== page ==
And we most humbly beseech thee, of thy goodness, O Lord, to comfort and succour all those, who in this transitory life are in trouble, sorrow, need, sickness, or any other adversity. And especially we commend unto thy merciful goodness this congregation, which is here assembled in thy Name, to celebrate the commemoration of the most glorious Death of thy Son.
And here we do give unto thee most high praise, and hearty thanks, for the wonderful grace and virtue, declared in all thy saints, from the beginning of the world: And chiefly in the blessed Virgin Mary, mother of thy son Jesus Christ our Lord and God, and in the holy Patriarchs, Prophets, Apostles and Martyrs, whose examples (o Lord) and steadfastness in thy faith, and keeping thy holy commandments, grant us to follow. We commend unto thy mercy (O Lord) all other thy servants, which are departed hence from us, with the sign of faith, and now do rest in the sleep of peace: Grant unto them, we beseech thee, thy mercy, and everlasting peace, and that at the day of the general resurrection, we and all they which be of the mystical body of thy son, may altogether be set on his right hand, and hear that his most joyful voice: Come unto me, O ye that be blessed of my father, and possess the kingdom, which is prepared for you from the beginning of the world. Grant this, O father, for Jesus Christ's sake, our only mediator and advocate.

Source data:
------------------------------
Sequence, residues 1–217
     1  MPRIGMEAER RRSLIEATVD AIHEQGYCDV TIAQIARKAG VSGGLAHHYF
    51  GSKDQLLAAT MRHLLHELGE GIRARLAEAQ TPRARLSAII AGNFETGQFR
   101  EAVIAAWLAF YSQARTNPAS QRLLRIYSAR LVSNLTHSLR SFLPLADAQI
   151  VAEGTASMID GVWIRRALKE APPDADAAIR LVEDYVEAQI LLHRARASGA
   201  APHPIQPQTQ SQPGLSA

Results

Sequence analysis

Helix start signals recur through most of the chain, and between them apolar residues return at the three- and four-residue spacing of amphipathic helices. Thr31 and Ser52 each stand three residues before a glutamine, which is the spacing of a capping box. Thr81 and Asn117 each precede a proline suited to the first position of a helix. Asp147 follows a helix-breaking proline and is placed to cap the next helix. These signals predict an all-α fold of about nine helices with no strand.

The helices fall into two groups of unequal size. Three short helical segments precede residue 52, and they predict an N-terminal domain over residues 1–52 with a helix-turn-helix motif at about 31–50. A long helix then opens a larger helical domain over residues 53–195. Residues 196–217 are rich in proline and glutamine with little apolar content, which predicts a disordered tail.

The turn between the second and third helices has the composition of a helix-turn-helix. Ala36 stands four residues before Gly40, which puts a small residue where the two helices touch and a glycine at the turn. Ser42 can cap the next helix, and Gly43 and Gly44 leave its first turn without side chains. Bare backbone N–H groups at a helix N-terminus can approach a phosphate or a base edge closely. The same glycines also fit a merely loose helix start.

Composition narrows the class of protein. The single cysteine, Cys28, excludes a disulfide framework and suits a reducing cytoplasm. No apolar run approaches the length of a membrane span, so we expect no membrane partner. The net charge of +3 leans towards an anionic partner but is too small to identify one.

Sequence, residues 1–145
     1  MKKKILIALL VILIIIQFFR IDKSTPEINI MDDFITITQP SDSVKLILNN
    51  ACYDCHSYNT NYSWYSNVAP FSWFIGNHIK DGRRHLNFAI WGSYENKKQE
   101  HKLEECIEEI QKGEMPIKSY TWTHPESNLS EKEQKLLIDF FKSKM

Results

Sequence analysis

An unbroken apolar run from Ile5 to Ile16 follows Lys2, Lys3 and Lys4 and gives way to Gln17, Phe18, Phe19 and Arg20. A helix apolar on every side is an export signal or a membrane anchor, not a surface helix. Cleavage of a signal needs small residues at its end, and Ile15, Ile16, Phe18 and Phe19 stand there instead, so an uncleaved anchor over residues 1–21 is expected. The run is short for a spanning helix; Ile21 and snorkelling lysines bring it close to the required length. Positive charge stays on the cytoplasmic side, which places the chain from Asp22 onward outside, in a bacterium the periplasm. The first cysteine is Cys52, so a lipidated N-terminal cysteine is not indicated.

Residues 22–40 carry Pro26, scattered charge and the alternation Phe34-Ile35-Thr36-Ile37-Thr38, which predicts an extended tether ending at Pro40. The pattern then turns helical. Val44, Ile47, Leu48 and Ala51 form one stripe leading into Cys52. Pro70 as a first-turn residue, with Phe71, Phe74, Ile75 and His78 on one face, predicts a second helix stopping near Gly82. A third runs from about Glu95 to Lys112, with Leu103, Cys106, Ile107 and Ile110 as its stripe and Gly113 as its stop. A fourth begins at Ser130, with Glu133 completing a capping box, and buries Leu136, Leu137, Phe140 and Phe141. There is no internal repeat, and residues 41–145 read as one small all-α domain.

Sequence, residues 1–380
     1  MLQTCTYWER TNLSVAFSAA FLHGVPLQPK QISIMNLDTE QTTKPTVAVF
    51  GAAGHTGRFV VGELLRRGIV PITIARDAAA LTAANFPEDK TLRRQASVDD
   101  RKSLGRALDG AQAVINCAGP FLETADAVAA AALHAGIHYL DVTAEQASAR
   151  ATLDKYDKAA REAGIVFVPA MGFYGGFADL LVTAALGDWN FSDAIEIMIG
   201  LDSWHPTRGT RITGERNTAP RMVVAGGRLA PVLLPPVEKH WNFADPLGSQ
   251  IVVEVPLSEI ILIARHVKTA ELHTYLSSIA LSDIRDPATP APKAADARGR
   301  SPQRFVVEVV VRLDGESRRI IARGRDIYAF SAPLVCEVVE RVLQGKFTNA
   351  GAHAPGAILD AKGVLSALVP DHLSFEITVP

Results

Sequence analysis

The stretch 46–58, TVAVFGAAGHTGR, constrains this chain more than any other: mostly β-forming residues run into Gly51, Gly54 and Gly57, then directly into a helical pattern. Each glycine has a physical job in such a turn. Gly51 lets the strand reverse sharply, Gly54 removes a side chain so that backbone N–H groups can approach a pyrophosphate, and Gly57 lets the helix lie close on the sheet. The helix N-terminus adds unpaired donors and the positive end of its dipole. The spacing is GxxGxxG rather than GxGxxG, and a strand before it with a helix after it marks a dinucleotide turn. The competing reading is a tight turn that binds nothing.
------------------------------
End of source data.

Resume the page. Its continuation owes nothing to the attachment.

O God, heavenly Father, which of thy tender mercy didst give thine only Son Jesus
Christ to suffer death upon the Cross for our redemption; who made there (by his one oblation of himself once offered) a full, perfect, and sufficient sacrifice, oblation,
and satisfaction, for the sins of the whole world; and did institute, and in his holy Gospel command us to continue,a perpetual memory of that his precious death and sacrifice,
until his coming again; Hear us, O merciful Father, we beseech thee; and with thy Holy Spirit and Word vouchsafe to bless (+) and sanctify (+) these thy creatures of bread and wine, according to thy Son our Saviour Jesus Christ’s holy institution, in remembrance of his death and passion, may be partakers of his most blessed Body and Blood: who, in the same night in which he was betrayed, took Bread; and when he had given thanks, he brake it, and gave it to his disciples, saying, Take, eat, this is my Body which is given for you: Do this in remembrance of me. Likewise after supper he took the Cup; and, when he had given thanks, he gave it to them, saying, Drink ye all of this; for this eis my Blood of the New Testament, which is shed for you and for many for the remission of sins: Do this, as oft as ye shall drink it, in remembrance of me.